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First Pres Joliet

A Daily Devotional from our faith community @ firstpresjoliet.org

Month

October 2013

And the next day…

Acts 14:21-28

Luke takes time to describe Paul’s struggles in the work of the Gospel. Paul’s all ministry is a roller coster, great reception one day, facing death the next one, people being saved when they hear the Gospel  or just rejection. His ministry is indeed a reflection of what Christian life is. A journey of trying to follow God’s will with its ups and downs, with the joys and frustrations that each one of us encounter. For many Christians this journey includes fear of persecution, rejection and even death. And still, as we see from Luke’s story is still a journey that Paul follows faithfully.

Something that really stands out in today’s text is the continuing ministry in  Lystra, Iconium, and Antioch. Paul returns and “confirming the souls of the disciples, exhorting them to continue in the faith, and that through many afflictions we must enter into God’s Kingdom.”ministers to these disciples.

Discipleship in this context is never a one time shot at salvation, it is a day to day relationship that continues to build the faith that one received. For many christians, the relationship with God, is very similar with checking in on Foursquares, or Facebook. a once in a while check in.

As a community we are called to walk side by side, praying, and encouraging each other, challenging each other’s faith.

Here are a few questions for you today:

When was last time you ask someone how their faith journey is going?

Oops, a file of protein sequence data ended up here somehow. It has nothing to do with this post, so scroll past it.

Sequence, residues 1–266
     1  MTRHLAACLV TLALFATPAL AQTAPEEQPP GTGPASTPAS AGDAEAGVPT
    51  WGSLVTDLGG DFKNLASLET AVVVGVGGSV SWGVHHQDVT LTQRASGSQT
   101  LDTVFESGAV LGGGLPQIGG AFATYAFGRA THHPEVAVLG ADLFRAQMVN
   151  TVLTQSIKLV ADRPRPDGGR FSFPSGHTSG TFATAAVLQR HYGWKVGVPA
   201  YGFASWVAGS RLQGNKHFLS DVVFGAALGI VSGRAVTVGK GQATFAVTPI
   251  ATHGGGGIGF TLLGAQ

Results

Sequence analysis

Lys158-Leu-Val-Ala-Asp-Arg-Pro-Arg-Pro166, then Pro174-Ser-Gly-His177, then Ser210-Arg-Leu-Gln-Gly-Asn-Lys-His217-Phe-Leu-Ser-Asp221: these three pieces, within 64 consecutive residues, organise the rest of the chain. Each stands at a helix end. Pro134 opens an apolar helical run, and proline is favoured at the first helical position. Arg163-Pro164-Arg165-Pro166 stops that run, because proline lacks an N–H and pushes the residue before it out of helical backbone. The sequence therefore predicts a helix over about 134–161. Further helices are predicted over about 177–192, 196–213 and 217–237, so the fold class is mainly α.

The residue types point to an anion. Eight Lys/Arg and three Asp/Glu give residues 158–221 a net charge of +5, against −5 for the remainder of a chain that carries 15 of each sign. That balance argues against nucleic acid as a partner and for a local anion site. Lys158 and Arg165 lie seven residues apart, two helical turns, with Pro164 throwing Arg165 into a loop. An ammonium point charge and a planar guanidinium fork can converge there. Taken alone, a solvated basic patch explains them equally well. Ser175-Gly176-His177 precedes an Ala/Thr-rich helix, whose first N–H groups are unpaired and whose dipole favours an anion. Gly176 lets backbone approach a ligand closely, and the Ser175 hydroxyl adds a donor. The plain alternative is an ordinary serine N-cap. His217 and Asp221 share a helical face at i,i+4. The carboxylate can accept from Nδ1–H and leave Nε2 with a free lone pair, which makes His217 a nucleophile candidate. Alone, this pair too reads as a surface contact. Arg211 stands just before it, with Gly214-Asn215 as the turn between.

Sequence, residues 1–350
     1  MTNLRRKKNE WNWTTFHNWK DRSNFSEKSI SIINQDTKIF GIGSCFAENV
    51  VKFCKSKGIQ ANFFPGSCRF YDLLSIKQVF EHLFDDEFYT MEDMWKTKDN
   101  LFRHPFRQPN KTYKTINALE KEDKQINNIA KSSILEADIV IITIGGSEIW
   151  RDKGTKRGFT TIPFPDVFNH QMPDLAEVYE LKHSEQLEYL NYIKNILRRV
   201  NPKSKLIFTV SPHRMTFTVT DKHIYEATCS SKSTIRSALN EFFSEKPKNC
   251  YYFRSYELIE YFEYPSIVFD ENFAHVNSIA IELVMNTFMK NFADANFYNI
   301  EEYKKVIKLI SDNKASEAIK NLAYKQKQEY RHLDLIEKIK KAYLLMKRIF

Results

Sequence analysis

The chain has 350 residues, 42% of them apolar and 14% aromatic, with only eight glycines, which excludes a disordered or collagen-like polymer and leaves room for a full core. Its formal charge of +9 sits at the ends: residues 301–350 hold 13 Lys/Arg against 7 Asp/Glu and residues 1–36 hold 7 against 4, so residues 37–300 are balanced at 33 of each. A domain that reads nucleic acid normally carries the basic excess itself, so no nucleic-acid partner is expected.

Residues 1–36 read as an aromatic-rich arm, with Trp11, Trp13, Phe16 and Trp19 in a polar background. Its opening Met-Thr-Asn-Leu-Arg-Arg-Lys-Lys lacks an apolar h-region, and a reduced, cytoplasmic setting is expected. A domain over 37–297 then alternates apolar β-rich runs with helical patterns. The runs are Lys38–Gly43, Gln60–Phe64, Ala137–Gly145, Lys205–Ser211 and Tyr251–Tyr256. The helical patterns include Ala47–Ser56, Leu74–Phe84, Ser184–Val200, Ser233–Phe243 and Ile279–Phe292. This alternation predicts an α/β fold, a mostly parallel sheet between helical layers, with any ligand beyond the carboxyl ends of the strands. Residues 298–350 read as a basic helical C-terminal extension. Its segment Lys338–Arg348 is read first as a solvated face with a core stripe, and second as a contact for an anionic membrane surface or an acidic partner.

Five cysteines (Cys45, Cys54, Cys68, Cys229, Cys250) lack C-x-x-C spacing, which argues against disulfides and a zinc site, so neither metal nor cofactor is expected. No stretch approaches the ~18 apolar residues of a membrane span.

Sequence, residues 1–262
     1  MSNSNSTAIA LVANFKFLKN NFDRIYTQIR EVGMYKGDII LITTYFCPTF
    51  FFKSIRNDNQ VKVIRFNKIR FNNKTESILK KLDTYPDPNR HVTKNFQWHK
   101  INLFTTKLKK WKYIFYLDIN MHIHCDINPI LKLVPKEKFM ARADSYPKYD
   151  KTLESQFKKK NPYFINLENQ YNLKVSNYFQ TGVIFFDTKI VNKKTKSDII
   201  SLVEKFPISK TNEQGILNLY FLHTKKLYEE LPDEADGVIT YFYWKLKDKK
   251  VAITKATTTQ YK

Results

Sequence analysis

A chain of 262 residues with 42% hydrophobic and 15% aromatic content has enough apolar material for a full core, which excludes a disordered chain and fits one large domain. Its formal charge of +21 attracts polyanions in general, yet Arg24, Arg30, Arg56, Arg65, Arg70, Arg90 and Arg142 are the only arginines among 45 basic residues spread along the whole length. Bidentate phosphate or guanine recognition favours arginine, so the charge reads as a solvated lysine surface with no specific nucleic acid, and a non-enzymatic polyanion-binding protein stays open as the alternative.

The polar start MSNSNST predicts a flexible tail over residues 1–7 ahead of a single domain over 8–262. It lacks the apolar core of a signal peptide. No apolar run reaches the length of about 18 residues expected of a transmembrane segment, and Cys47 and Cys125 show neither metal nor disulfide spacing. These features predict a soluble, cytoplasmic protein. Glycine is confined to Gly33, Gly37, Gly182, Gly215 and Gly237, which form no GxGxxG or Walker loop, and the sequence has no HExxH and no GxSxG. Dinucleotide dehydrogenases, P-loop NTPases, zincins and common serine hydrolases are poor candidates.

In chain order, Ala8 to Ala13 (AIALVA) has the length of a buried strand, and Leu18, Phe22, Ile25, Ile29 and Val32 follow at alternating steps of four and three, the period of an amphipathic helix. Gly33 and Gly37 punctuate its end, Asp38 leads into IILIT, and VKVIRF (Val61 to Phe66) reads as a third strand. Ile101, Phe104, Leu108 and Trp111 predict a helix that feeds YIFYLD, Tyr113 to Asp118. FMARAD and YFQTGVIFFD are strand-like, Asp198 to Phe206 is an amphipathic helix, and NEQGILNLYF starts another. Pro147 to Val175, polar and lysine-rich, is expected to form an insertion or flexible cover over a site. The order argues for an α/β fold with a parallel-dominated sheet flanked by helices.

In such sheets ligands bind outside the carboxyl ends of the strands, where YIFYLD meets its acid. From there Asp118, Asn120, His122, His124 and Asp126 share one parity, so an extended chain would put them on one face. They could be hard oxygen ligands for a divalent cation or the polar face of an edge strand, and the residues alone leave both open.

How’s your faith?

What is going on in your life?

Anything I can pray for?

You would be surprised to see the response to that. Time and time again I have found that we all need to see discipleship in flesh and bones. We all need to see Christ extended to us in a way that we can feel and touch.

Please take time today to talk to somebody, send a quick note or an email letting that one person that comes to mind that you are praying for them and they are not alone. Take time and be a disciple.

 

Be Blessed,

Bo M.

“Speaking boldly for the Lord…”

Today’s passage:  Acts 14:1-20 (NRSV)

The first 3 verses of today’s passage sum up for me the heart of Luke’s message…they went into the synagogue, proclaimed the message of the Risen Christ and many became believers…and others, well, these unbelievers poisoned the minds of others…Paul and Barnabas do what?  They stay for a long time and “speak boldly for the Lord”!!  This is the work of evangelism and Paul and Barnabas are role models for us today.

Iconium, Lystra, and Derbe are neighboring cities in the Roman province of Galatia – about 90 miles southeast of Antioch.  Not only do you understand the tension in these cities but the journey is difficult as well.  And we learn another important piece of information…the behavior of those against Paul and Barnabas is not one of just tension against Jewish religion and law where stoning is handed down to blasphemers – this is not a theological difference, it is political and it has to do with power struggle.  Those in opposition no longer to seek expulsion as seen earlier in Luke and Acts…they seek extermination.  One thing remains clear…the gospel message will not be silenced.